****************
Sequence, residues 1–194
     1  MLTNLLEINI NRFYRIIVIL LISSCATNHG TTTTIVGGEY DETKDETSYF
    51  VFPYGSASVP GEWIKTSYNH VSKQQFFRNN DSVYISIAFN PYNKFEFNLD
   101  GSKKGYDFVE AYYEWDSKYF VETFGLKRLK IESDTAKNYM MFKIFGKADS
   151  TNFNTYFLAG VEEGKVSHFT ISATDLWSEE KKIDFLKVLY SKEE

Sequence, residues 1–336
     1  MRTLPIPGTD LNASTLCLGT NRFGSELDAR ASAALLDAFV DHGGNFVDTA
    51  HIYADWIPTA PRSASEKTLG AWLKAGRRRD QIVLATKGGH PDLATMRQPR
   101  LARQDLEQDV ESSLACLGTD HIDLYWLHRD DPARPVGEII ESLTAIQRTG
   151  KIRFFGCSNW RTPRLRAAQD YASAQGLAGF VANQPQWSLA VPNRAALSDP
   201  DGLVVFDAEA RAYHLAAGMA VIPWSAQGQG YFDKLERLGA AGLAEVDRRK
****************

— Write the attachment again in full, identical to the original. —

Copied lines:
Sequence, residues 1–194
     1  MLTNLLEINI NRFYRIIVIL LISSCATNHG TTTTIVGGEY DETKDETSYF
    51  VFPYGSASVP GEWIKTSYNH VSKQQFFRNN DSVYISIAFN PYNKFEFNLD
   101  GSKKGYDFVE AYYEWDSKYF VETFGLKRLK IESDTAKNYM MFKIFGKADS
   151  TNFNTYFLAG VEEGKVSHFT ISATDLWSEE KKIDFLKVLY SKEE

Sequence, residues 1–336
     1  MRTLPIPGTD LNASTLCLGT NRFGSELDAR ASAALLDAFV DHGGNFVDTA
    51  HIYADWIPTA PRSASEKTLG AWLKAGRRRD QIVLATKGGH PDLATMRQPR
   101  LARQDLEQDV ESSLACLGTD HIDLYWLHRD DPARPVGEII ESLTAIQRTG
   151  KIRFFGCSNW RTPRLRAAQD YASAQGLAGF VANQPQWSLA VPNRAALSDP
   201  DGLVVFDAEA RAYHLAAGMA VIPWSAQGQG YFDKLERLGA AGLAEVDRRK